How coal miners die on the job

June 24, 2014 by Ken Ward Jr.

Mine Explosion

Yesterday, a coal miner in Montana became the 8th coal industry fatality of 2014, while the U.S. Mine Safety and Health Administration has released the report of its investigation into the November 2013 death of coal miner Dallas Travelstead  at M-Class Mining LLC’s MC #1 Mine in Franklin County, Illinois. The operation is part of Chris Cline’s coal empire. Here’s the summary of what happened:

On November 4, 2013, at approximately 1:50 p.m. (CST), Dallas Travelstead (victim), a Longwall Chief, was fatally injured when shoveling coal and loose rock between the coal face and the longwall panline.  The accident occurred at the No. 123 shield on the South District 1, Headgate of the No. 2 Longwall.  Travelstead received crushing injuries when a solid piece of coal and cap rock fell from the coal face, striking his mid to lower back, pinning him against the working face side of the panline.  

The mine operator did not have effective policies, programs, procedures, or controls in place to protect miners from a fall of the longwall roof or face while miners are positioned on the panline or between the panline and the longwall face.

The MSHA report noted:

A review of the previous accidents and injuries for the MC #1 Mine shows that on September 17, 2013, there was one previous injury from fall of the longwall face.  In that accident, the injured miner was inside the panline changing bits on the shearer, when coal rolled out of the face and struck the left foot of the miner.  Two previous roof falls on the longwall blocked egress on the tailgate side of the longwall.  These two roof falls occurred on March 31, 2011, and March 29, 2012.

MCMining

Here’s what MSHA listed as the root cause of the death:

The mine operator did not have effective policies, programs, procedures, or controls in place to protect miners from a fall of roof or the longwall face while miners are positioned on the panline or between the panline and the longwall face.  Therefore, the miners were not adequately trained with regard to working on the panline or between the panline and the longwall face.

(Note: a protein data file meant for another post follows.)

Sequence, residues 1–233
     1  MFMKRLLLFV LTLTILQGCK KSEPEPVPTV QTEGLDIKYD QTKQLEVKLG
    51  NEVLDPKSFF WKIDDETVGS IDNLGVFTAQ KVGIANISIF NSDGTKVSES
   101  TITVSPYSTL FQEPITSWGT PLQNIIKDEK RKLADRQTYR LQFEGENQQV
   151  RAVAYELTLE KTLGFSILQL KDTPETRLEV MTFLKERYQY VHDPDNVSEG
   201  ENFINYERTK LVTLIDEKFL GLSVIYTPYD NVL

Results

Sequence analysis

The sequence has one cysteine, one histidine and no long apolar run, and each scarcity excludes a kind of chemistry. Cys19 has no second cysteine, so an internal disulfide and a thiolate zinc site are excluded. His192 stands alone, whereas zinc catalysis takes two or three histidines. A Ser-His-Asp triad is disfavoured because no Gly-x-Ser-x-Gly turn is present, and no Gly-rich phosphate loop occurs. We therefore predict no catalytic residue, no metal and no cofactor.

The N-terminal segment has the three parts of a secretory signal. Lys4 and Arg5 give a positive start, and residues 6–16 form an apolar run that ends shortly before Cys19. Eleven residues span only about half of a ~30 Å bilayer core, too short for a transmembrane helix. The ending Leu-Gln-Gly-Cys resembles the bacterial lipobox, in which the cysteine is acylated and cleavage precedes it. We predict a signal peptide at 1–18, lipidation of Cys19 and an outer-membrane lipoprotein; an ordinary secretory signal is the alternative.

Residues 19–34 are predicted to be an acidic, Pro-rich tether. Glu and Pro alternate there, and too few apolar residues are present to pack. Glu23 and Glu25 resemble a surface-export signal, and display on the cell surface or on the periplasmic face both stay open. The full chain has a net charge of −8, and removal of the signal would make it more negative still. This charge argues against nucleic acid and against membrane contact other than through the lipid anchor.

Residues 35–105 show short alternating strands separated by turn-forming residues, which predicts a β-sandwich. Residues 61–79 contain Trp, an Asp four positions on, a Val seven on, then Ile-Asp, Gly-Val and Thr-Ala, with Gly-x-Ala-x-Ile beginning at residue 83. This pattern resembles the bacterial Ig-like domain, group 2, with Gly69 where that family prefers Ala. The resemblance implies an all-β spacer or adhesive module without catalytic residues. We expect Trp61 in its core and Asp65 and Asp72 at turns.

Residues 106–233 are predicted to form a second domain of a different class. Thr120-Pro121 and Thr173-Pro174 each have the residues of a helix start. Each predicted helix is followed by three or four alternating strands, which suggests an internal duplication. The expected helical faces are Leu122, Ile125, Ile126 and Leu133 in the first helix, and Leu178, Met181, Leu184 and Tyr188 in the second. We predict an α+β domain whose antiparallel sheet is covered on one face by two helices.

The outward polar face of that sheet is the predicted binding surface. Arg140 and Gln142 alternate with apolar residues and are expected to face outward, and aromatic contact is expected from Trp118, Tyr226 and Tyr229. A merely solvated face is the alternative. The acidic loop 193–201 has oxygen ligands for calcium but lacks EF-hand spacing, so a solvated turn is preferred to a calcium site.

And here’s the enforcement action MSHA took:

A 104(d)(2) order was issued for a violation of 30 CFR § 75.202(a): On November 4, 2013, at approximately 1:50 p.m., the Longwall Chief, was fatally injured while shoveling coal and loose rock between the coal face and the longwall panline at the No. 123 shield on the South District 1, Headgate, No. 2 section face (MMU 004-0).  The victim received crushing injuries when a solid piece of coal and cap rock fell from the coal face, striking the victim.  The coal and rock combination measured approximately 4 feet 10 inches long, by 2 feet 3 inches wide, and up to 24-inches thick.

Review of the MSHA database shows that this accident is the second accident and first fatality at this mine where a miner was struck by coal or rock that had fallen or rolled from the longwall face since September of 2013.  There were two other reportable accidents, one on March 31, 2011 and one on March 29, 2012, where the longwall face fell or rolled out onto the panline.  In both of these accidents, the rock and/or coal were of such large size as to affect passage of the miners off the tailgate end of the longwall face.

The mine operator failed to support or otherwise control the roof or face area of the longwall to protect persons from hazards related to falls of the roof or face while working between the longwall face and the panline.

The mine operator engaged in aggravated conduct constituting more than ordinary negligence when miners were allowed to work between the coal face and the longwall panline without any special precautions. This is an unwarrantable failure to comply with a mandatory standard.

Standard 75.202(a) was cited 8 times in two years at Mine 11-03189 (8 to this mine operator, 0 to a contractor).

 

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